An in-depth review of business rates, a freeze on tax and a promise to improve public transport were among the pledges made by Scotland’s political parties at a recent tourism event.
Ahead of the Holyrood election on May 5, representatives from the five main parties spoke at a tourism hustings organised by the British Hospitality Association and the Scottish Tourism Alliance to outline their parties’ positions on various industry-related issues.
The Scottish Labour Party pledged £100 million to improve broadband connectivity across Scotland if it gains power at Holyrood, as well as promising a review of non-domestic business rates.
Business rates were also a focus for the Scottish Liberal Democrats, who also promised to cut VAT on hotels and visitor attractions, while the Scottish Conservative and Unionist Party pledged to freeze tax rates in Scotland and promised there would be no tourism or bed taxes.
The Scottish Green Party said it would improve transportation throughout the country and ensure cleaner and tidier streets, while the SNP pledged a “sensible and moderate approach to tax” and the continuation of the Small Business Bonus Scheme.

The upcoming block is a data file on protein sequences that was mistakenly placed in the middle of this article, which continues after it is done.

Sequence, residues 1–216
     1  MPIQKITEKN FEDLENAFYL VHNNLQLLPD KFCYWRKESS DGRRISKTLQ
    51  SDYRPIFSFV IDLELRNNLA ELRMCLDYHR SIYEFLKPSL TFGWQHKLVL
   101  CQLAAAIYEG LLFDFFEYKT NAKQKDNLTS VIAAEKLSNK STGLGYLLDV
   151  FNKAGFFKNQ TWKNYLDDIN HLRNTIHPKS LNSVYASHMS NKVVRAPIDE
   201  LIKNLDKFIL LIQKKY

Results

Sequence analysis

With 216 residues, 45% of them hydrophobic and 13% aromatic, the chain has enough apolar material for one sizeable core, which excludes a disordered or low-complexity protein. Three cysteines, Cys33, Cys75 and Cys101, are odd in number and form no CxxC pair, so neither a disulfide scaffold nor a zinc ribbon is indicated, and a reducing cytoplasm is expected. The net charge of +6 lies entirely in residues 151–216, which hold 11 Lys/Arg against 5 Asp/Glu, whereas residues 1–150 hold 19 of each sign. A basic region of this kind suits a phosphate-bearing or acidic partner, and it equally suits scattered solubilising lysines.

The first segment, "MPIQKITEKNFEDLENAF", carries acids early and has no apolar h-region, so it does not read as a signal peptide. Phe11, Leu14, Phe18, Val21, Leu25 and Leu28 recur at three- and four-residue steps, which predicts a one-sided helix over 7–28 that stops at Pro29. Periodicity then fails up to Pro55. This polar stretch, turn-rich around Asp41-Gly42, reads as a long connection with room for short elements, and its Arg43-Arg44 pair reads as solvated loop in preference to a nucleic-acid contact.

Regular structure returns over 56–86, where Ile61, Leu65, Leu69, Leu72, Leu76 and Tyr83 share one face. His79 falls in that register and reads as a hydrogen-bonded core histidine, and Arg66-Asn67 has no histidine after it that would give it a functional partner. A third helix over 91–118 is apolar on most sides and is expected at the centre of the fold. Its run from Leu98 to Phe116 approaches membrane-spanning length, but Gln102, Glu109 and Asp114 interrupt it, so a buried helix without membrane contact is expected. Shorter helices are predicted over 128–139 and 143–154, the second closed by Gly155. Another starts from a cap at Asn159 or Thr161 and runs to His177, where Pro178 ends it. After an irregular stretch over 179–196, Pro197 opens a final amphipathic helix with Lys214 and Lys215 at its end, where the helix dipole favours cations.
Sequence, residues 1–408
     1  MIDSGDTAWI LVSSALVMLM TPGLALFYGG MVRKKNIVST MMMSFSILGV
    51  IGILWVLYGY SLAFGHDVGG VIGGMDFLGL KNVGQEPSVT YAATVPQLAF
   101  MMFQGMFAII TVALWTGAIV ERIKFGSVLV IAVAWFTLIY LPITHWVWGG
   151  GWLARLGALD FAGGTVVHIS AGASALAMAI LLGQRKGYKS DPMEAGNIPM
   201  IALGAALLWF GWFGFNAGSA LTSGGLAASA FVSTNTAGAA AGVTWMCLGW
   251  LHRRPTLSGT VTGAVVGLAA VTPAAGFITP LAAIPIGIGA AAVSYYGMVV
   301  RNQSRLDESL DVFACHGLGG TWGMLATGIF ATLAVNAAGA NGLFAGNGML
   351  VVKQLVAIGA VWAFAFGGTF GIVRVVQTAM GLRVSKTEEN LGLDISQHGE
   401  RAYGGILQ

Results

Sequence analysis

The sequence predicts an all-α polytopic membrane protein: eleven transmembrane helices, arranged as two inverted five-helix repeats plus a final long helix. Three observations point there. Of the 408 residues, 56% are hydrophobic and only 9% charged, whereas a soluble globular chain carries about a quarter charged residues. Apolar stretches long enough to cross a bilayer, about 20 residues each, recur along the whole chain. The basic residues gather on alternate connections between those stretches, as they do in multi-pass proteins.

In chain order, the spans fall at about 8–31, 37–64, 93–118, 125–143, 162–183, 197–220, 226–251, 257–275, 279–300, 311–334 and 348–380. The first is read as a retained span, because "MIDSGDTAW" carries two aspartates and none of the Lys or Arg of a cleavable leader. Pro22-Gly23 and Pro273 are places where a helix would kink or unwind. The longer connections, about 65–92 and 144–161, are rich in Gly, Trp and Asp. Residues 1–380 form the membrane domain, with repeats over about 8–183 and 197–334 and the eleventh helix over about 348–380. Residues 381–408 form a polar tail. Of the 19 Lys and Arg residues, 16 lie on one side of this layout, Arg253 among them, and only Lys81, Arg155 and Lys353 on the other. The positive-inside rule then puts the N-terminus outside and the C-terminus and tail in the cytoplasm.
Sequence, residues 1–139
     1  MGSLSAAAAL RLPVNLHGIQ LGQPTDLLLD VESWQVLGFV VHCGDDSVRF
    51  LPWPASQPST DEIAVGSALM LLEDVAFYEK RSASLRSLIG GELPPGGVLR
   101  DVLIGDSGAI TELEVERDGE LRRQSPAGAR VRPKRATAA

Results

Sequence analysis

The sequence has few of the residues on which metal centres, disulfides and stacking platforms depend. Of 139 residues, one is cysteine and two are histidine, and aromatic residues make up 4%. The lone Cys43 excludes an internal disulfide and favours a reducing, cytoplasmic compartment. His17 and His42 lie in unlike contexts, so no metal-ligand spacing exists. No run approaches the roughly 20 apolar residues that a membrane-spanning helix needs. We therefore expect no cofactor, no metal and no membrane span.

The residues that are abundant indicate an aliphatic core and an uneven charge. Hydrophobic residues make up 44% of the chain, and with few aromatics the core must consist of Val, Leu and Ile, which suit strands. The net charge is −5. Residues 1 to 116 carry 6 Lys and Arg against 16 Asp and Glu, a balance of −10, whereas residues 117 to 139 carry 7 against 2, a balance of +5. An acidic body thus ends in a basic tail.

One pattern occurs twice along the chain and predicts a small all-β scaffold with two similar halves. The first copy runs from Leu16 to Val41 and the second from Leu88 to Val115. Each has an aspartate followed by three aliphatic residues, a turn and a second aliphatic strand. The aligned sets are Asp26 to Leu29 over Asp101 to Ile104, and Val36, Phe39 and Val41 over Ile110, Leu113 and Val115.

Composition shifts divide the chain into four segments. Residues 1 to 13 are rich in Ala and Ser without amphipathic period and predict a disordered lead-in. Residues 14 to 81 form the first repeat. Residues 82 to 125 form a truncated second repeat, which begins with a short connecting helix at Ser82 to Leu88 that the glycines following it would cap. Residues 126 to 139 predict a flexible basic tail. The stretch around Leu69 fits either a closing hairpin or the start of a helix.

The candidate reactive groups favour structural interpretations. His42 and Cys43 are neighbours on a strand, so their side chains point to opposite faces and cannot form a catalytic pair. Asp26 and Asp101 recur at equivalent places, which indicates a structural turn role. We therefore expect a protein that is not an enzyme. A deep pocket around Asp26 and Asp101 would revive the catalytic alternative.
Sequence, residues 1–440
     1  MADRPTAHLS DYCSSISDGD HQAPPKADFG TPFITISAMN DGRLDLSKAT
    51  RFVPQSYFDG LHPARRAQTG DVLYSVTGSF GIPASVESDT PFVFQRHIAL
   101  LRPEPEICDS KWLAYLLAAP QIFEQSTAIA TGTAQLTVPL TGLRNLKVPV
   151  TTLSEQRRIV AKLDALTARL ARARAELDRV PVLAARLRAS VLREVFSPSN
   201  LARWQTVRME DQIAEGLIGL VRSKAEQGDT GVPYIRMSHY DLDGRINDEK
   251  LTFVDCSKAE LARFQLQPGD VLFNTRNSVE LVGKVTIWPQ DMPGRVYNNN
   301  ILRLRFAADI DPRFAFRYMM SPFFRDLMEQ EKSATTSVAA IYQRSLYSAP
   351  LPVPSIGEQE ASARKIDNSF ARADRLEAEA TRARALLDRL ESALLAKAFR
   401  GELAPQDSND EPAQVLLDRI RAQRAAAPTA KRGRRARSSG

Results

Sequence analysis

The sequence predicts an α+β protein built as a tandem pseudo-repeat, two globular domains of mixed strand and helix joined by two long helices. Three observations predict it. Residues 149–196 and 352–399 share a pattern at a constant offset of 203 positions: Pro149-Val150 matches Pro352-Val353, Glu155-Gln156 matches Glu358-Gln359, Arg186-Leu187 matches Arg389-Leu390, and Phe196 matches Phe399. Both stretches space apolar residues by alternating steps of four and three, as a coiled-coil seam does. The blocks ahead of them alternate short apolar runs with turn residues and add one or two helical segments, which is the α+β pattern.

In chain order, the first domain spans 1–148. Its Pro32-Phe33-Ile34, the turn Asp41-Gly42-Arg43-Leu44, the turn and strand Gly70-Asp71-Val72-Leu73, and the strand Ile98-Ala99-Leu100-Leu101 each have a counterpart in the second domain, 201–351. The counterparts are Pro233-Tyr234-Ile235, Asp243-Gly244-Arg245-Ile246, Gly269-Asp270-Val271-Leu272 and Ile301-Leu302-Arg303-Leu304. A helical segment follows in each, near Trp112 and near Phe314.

As well as general campaign commitments the party representatives were also quizzed on specific issues affecting the industry, including Air Passenger Duty, a bedroom tax and the upcoming EU referendum.
On Air Passenger Duty, the SNP was in favour of abolishing the tax, while the Greens and Tories want to replace APD with different taxes.
Labour and the Lib Dems were both opposed to cutting Air Passenger Duty.
The Tories, Lib Dems and SNP were all opposed to the introduction of a tourism or bed tax, while Labour proposed a tax of £2 per person, per night.
The Green Party said it was in favour of giving local authorities the option of introducing a tax, but “not to prop up cuts in other services”.
On the issue of the EU Referendum on June 23, representatives were asked how leaving the European Union would impact on trade and visitor numbers.
The Tory, Labour, SNP and Lib Dem representatives made it clear they will be voting to stay in the EU, and highlighted staff availability as a key issue that could result from a split from Brussels, as well as the potential “negative message” given to visitors.
The Green Party said that while being outside the EU “would not have an immediate impact on tourism, continued economic divergence could deliver positive or negative impacts”.
Daniel Johnson represented the Scottish Labour Party at the event, with Alex Cole-Hamilton representing the Lib Dems, Murdo Fraser the Tories and Peter Mountford-Smith the Greens. Fergus Ewing spoke for the SNP.